Several local projects were among recipients of Department of Environmental Protection grants for watershed remediation and acid mine drainage problems.
In Blair County, The Trust for Tomorrow environmental group received $272,600 for stream restoration work along Poplar Run and the Frankstown Branch of the Juniata River.
Located in Hyde County, N.C., the nonprofit organization works with the Blair County Conservation District on habitat conservation and environmental stewardship programs in Pennsylvania, said April Temple, Trust for America executive director.
The DEP grant was matched with funds from the Blair County Conservation District, Foundation for Pennsylvania Watersheds and other partners, Temple said.
"This is the biggest project that we've worked on so far," Temple said.
Previously, Trust for America helped to restore wetlands on a 127-acre property adjacent to the waterways, Temple said. Being able to work on the portion of the stream that runs along the property was a rare chance to restore the total habitat of the area, Temple said.
Workers will install 100-foot buffers and plant trees along about 14,500 feet of the streams' banks, Temple said. The work will help to reduce sediment erosion and restore the overall quality of the watershed, she said.
The project is the middle step in restoring the area, said Donna Fisher, conservation district director. She said conservation district officials hope to install trails and educational material along one side of the stream in a future project.
The actual erosion project should prevent sediment runoff from entering the stream, Fisher said.
Like most streams in Blair County, both Poplar Run and the Frankstown Branch eventually flow into the Susquehanna River, Fisher said.
The Cambria County Conservation District was awarded $65,512 to clean the West Branch of the Susquehanna, said Mark Stockley, a conservation district official.
The money will help to fund two projects along the river, Stockley said. An acid mine discharge polluting the waterway will be captured and pumped away for treatment, he said. And workers will use fly ash to cap the Barnes-Watkins refuse pile, which releases harmful contaminants into the environment, he said.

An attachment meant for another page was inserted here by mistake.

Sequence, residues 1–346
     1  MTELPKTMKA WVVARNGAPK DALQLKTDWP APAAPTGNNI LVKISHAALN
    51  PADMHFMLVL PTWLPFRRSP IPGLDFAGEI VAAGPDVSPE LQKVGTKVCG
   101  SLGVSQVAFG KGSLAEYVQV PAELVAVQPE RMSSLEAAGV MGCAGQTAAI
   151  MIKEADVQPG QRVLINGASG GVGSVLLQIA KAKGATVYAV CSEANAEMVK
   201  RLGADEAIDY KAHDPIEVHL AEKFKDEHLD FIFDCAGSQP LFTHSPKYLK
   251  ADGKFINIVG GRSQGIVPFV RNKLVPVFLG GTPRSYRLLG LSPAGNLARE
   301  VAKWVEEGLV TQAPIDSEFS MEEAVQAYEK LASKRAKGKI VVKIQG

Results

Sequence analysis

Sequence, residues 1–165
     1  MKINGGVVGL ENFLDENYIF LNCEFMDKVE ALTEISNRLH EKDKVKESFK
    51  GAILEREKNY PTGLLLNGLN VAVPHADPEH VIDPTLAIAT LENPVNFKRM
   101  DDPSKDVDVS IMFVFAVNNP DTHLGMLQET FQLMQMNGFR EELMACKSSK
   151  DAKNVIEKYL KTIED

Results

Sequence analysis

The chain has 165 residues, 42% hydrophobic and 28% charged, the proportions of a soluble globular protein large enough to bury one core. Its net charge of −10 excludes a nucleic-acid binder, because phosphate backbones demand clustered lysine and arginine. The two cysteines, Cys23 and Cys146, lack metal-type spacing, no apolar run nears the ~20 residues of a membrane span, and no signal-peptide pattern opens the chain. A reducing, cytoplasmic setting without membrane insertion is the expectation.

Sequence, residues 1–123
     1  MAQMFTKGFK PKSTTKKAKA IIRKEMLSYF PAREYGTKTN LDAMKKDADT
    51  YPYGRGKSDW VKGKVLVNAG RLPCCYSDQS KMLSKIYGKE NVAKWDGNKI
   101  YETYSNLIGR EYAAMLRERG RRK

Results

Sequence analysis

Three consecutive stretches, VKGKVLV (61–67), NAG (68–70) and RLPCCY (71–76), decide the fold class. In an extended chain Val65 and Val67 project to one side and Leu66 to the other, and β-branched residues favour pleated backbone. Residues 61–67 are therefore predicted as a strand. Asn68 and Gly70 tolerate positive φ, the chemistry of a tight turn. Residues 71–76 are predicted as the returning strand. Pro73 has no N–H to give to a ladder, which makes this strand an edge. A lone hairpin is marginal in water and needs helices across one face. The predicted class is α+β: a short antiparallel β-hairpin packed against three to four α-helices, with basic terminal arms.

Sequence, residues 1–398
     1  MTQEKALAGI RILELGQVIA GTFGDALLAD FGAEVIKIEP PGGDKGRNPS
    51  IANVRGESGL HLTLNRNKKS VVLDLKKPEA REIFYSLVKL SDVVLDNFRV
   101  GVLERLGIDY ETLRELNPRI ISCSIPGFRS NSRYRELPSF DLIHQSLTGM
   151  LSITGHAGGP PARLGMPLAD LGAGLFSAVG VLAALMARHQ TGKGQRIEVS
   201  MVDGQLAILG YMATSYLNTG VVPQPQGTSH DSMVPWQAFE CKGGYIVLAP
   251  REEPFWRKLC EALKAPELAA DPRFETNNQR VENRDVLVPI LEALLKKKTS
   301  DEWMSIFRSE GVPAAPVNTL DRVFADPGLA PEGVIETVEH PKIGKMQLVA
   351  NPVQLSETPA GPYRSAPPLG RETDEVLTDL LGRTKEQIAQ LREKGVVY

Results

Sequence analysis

"We're all about trying to improve the water quality," Stockley said.
The authority was also awarded a $16,580 grant for sediment remediation at Glendale Lake. Workers will stabilize the shoreline using rock piles in a "sawtooth deflector" pattern, which helps to improve quality along the shoreline as well as provide a natural habitat for wildlife, Stockley said.
"Protecting the waters of the commonwealth is key to DEP's mission," said Mike Krancer, DEP secretary, in a press release. "Providing these grants is a major component of continued excellence in water quality."
Other local grants included $244,720 awarded to the Wysox Creek Watershed Association for a project along Bullard Creek in Bedford County and $535,733 awarded to the Clearfield Creek Watershed Association for a project along Laurel Run in Cambria County, according to DEP.
Various organizations in Centre County were awarded about $429,000 in grants for four separate projects, and the Huntingdon County Conservation District was awarded about $749,005 for two watershed projects.
A total of 106 grants totaling just over $19 million were awarded statewide.
Mirror Staff Writer Zach Geiger is at 946-7535.